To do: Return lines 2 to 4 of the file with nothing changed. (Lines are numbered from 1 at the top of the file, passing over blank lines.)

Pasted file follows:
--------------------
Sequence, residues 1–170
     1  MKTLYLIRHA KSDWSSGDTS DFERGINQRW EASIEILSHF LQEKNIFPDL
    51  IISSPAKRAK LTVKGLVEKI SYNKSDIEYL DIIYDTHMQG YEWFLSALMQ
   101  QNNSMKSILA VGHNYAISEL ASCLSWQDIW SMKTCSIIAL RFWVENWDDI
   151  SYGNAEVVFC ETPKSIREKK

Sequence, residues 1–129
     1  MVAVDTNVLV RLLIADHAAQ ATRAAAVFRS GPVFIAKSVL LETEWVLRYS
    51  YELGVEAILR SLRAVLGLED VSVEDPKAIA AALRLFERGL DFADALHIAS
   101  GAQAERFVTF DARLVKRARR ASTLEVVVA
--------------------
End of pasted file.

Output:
     1  MKTLYLIRHA KSDWSSGDTS DFERGINQRW EASIEILSHF LQEKNIFPDL
    51  IISSPAKRAK LTVKGLVEKI SYNKSDIEYL DIIYDTHMQG YEWFLSALMQ
   101  QNNSMKSILA VGHNYAISEL ASCLSWQDIW SMKTCSIIAL RFWVENWDDI